A Travellerspoint blog

The Paris Catacombes

Walking amongst the dead.

all seasons in one day 30 °C
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We had a leisurely start to the day by walking down to the beautiful Rue Montorgueil, described as:

...a vibrant pedestrian area in the heart of Paris. Some of the city's best produce, meat and fish markets can be found here, along with renowned pastry shops like La Maison Stohrer, cozy bistros, boutiques, and bars diverse enough to please hipsters and traditionalists alike.

This district shows how even the busy center of Paris reserves village-like nooks. It also gives a picture of how Paris manages to be resolutely modern while preserving a rich heritage.

It was lovely to sit in one of the sidewalk cafes sipping coffee and eating our breakfast baguettes. The day started out with blue skies and was slightly cooler than yesterday. We'd even get a sprinkling of rain in the afternoon however blue skies returned by the evening.

From Rue Montorgueil we caught the RER to the Catacombs of Paris.

From the official website:

"The Catacombs of Paris (the “municipal Ossuary”) were created at the end of the 18th century. The cemetery of Innocent (close to Saint-Eustace, in the district of the "Halles") had been used for nearly ten centuries and had become the origin of infection for all the inhabitants of the district. After multiple complaints, the Council of State, by decision on November 9, 1785, pronounced the removal and the evacuation of the cemetery of the Innocent ones.

Old Quarries were selected to deposit Parisian bones; Paris indeed had just created the General Inspection of the Quarries charged with the consolidation of the public highways undermined by the Quarries. The Quarries “of Tombe-Issoire” were the object of work including masonry and consolidations of galleries, and by the digging of a flanked staircase.

The removal of the bones began after the blessing of the place on April 7, 1786 and was continued until 1788, always at night and according to a ceremony made up of a procession of priests who sang the burial service along the way borrowed by the tipcarts charged with bones and covered with a black veil. Thereafter, this place was used, until 1814, to collect the bones of all the cemeteries of Paris.


From the first day of their creation, the Catacombs caused curiosity. In 1787, Lord of d' Artois, who will become Charles 10, went down there, in company of ladies from the Court. The following year, one mentions the visit of Madam de Polignac and Madam de Guiche. In 1814, François 1st, emperor of Austria, residing as a winner in Paris visited them. In 1860, Napoleon III went down there with his son.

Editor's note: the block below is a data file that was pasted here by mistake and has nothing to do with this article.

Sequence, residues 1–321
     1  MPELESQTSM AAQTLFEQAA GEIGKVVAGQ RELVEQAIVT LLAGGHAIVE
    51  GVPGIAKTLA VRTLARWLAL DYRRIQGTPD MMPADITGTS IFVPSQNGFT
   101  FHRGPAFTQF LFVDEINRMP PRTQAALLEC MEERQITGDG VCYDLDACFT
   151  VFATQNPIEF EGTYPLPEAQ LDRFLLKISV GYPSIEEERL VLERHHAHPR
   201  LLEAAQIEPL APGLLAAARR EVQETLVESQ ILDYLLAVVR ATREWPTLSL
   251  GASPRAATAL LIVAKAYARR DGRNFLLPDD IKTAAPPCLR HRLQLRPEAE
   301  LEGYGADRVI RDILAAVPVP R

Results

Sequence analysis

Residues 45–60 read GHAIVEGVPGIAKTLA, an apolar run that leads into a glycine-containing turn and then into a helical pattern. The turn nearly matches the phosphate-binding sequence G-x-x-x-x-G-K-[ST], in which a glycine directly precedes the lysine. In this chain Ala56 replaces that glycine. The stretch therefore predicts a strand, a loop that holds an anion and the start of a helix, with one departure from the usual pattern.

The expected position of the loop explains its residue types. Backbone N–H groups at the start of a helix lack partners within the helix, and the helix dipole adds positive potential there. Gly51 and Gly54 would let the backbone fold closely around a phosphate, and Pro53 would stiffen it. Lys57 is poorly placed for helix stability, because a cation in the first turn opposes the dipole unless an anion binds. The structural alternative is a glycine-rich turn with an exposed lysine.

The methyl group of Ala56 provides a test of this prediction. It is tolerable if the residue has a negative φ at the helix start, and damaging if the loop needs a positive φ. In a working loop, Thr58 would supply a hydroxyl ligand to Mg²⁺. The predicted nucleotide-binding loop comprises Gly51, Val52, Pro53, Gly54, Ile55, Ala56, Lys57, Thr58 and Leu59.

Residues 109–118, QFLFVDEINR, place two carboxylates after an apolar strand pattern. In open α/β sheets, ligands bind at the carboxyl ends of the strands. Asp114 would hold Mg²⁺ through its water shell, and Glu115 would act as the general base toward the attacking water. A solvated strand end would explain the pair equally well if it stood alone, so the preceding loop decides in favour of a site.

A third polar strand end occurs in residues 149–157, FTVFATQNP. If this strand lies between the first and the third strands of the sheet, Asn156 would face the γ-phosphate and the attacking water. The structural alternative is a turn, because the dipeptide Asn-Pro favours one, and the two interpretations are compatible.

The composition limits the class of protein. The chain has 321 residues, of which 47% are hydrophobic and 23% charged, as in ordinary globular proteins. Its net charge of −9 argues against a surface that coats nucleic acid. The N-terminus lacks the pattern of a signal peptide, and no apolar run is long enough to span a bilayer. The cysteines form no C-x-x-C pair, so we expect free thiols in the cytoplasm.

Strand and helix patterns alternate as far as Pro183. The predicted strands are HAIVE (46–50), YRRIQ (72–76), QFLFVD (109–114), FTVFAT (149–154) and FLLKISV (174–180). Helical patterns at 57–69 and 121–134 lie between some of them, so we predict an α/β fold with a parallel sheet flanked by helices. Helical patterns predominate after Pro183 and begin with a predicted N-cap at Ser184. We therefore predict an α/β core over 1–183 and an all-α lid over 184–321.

The Catacombs of Paris reopened on June 14, 2005 after several months of closing for work. Lighting was revised, the arches were consolidated and the walls of re-installed bones. "

I'm so glad we visited the Catacombes - very popular at this time of year - 1 hour queue as only 200 visitors are allowed in the 2km site at a time. From ground level you descend 130 steps. (83 steps to return to the surface)

At first, the site of skulls and other bones displayed in patterns obviously strikes you as quite strange. At the same time the site also feels very sacred and solemn.

From the official website:

The Catacombs gather the remainders of approximately six million Parisian, transferred between the end from 18e century and the middle from the 19e century, progressively of the closing of the cemeteries for reason of insalubrity. Along a labyrinth of obscure galleries and narrow corridors , the visitor discovers the bones laid out in a "romantico-macabre" decoration. Pillars, bells of subsidence or bath of feet of the quarrymen evoke the origin of the places, the limestone quarries, while sharpening the curiosity of the visitor. This underground museum restores the history of Parisian and invites to a voyage out of time.[b]

I couldn't help but wonder what the stories were of these remains. The bottom line is that no matter what your status, whether you were a man or woman, young or old, whether you were good or bad, every body was exhumed and transported to this final resting place.

I didn't find it disturbing but fascinating and at all times, I felt very aware that I was indeed in a cemetery.

This is a very special part of the history of Paris.

Tomorrow we leave Paris for Giverny to visit the home and gardens of one of my favourite artists...Monet.

Nearly falling asleep...night all. xxx

Posted by Anniemax 13:39 Archived in France Tagged tourist_sites Comments (0)

From Paris with Love

Touring the City by Foot

sunny 31 °C
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Bonsoir.

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Here we are last night as we left our hotel for dinner - still smiling after a very long day (30+ degrees) walking around the city and The Louvre. I'd recommend doing the walking tours if they're available (and weather permitting).


http://www.newparistours.com/dailytours.html

We started our day with a walk down the Rue de Richelieu to the famous Louvre - about a 10 minute walk. We stopped at a delightful little bouangerie/patisserie. It was an ideal opportunity to practise my extremely bad French with the friendly owner.

This was my 3rd visit to the Louvre and I have still only seen a fraction of the 5 thousand pieces of art, sculptures and artifacts. I honestly believe that it would take years to view and learn something of the history of each piece. When I walked in I couldn't help but squeal with delight, like a child in a toy or sweet shop.